Pountney Street Wesleyan Methodist
by Peter Hickman
(From the records held in
Primitive Methodist Chapel
Pountney Street Chapel building still stands (January 2003) on the
corner of Thomas Street. It was opened in 1893 as a mission hall in the
Darlington Street Wesleyan Methodist Circuit. At the first Trustees
meeting, on Wednesday 8th November in that year with Rev J Prescott in
the chair, the following Trustees were elected. Mr F C Harriman (
Secretary)-Mr Geo Reed (Treasurer)-Mr James and Mr Bell as Chapel
stewards together with Mr Sydney Reed to act as an Executive Committee.
Other Trustees were Messrs. J W Sankey-S M Wright-N Frost-J C Miller and
J P Haslam.
Mrs Mary Jones of 1 Little Pountney Street was appointed as Caretaker
at a weekly wage of 3/- per week to be paid every four weeks with one
months notice to be given either way.
Sunday Schools were held both in the morning and the afternoon with
Divine Worship in the evening. A weekly meeting for mothers was begun,
also a young women’s Guild run by Mrs Gibbs. The Trustees also gave
permission for a regular Saturday evening entertainment, and added that
the Vestry may be used as a smoke room if so desired!!
The Chapel thrived so that by 1901 sufficient funds were available not
only to pay off the debt on the building but also to provide for the
renovation of the hall. Matters of finance from then on seem to have
been a problem solved by the generosity of the Treasurer who annually
made an ongoing loan of around £30 up to his death in 1914 when
£16-7-0 still owed. This sum was finally paid to his widow in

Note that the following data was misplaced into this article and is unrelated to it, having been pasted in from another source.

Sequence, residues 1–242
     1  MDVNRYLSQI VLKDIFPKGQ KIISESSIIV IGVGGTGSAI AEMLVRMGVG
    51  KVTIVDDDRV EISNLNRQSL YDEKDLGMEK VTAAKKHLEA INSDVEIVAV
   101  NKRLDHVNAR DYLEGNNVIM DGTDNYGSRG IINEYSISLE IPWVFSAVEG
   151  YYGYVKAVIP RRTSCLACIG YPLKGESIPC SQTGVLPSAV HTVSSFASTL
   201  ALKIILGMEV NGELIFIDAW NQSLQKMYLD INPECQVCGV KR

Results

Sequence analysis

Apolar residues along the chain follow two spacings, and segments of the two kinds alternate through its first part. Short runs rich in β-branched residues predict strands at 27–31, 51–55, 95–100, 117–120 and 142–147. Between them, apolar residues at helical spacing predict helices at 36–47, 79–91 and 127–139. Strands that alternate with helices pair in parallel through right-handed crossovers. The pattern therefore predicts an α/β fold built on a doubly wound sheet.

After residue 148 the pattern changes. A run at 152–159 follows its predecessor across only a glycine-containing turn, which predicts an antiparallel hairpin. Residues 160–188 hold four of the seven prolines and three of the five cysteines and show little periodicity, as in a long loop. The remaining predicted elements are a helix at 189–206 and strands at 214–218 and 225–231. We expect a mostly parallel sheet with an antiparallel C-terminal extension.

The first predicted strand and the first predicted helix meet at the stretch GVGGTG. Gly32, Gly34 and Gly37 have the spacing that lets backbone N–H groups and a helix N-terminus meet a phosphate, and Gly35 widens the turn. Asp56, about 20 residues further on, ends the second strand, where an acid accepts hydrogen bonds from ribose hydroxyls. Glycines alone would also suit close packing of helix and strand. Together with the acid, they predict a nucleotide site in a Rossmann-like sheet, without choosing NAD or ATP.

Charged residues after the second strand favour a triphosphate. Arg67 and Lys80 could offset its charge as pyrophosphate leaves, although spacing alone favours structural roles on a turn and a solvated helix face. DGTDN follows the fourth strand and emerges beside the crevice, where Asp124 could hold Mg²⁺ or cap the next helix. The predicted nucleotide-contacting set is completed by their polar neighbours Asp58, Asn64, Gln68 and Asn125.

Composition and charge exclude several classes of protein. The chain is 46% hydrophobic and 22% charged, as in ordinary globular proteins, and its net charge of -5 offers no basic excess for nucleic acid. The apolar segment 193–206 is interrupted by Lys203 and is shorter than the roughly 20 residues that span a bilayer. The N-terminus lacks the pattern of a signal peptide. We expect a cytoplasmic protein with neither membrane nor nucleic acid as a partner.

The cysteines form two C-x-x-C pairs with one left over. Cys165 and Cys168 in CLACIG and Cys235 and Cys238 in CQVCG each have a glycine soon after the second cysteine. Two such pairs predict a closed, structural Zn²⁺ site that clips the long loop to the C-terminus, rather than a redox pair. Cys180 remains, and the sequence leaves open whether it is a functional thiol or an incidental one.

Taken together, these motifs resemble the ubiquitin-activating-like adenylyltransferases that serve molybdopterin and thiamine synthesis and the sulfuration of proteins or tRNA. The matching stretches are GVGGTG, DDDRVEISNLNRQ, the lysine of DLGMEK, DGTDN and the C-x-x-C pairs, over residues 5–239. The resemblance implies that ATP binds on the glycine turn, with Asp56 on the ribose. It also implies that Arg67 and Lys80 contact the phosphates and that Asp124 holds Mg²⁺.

1918. In 1923 the question of Methodist Reunion was discussed, but while
agreeing in principle the Trustees felt that the matter should be
deferred to a future date.
1924 saw the Caretaker getting a rise to 4/- per week.
The Sunday school seems to have been very successful with 40-60 on the
roll and there were thoughts of putting a second storey on the building.
However the 1920’s and 1930’s saw major redevelopment of the area, which
involved the many narrow streets of terrace houses giving way to the
multitude of small, and medium sized factories, which we see today.
The Trust was renewed in 1930 with 17 men, but not one of them lived
within a mile of the Chapel. Throughout the 1935-45 War, Sunday School
attendance continued in the 40’s both morning and afternoon, but
maintaining the necessary number of Teachers was becoming a problem.
Staff reduced from 8 in 1938 to 3 or 4 by 1946. The congregation was
similarly fewer in number.
On 7th October 1949, a combined meeting of Leaders and Trustees chaired
by the Circuit Superintendent Rev Dr Eric Parsons with the Minister Rev
Robert O Moate came to the conclusion that since the Chapel was no
longer serving a surrounding residential area they should close. This
was accepted with some reluctance, the vote being 5 Trustees for
closure, one against and one abstaining.
Many of the folk moved their membership to Bethel and Ranelagh Road,
among them Mr Terry Bowen, now the Caretaker of St John’s Parkfield who
was a seven year old Sunday School Scholar at the time. Are there any
others still around?
Dr Parsons asked that the names of Pountney Street workers should be
recorded in the Minute Book when the final meeting was held on October
20th 1950. These were: -
Mrs Lee-Mrs Padden-Miss Farmer_Mr A H Harrold (Secretary for 33
years)-J Morris-F Morris-E A Ward-G Costley-H G Harwood-S J Jones- C
Watkiss-F Watkiss-A Astbury- G Whittaker-Mrs Wainwright (Caretaker)- J A
Matthews-W J Whitehouse.
The funds of the Chapel amounting to stock worth £1934-13-0 were
sent to Department of Methodist Church Purposes Manchester.
Return to main Pountney Street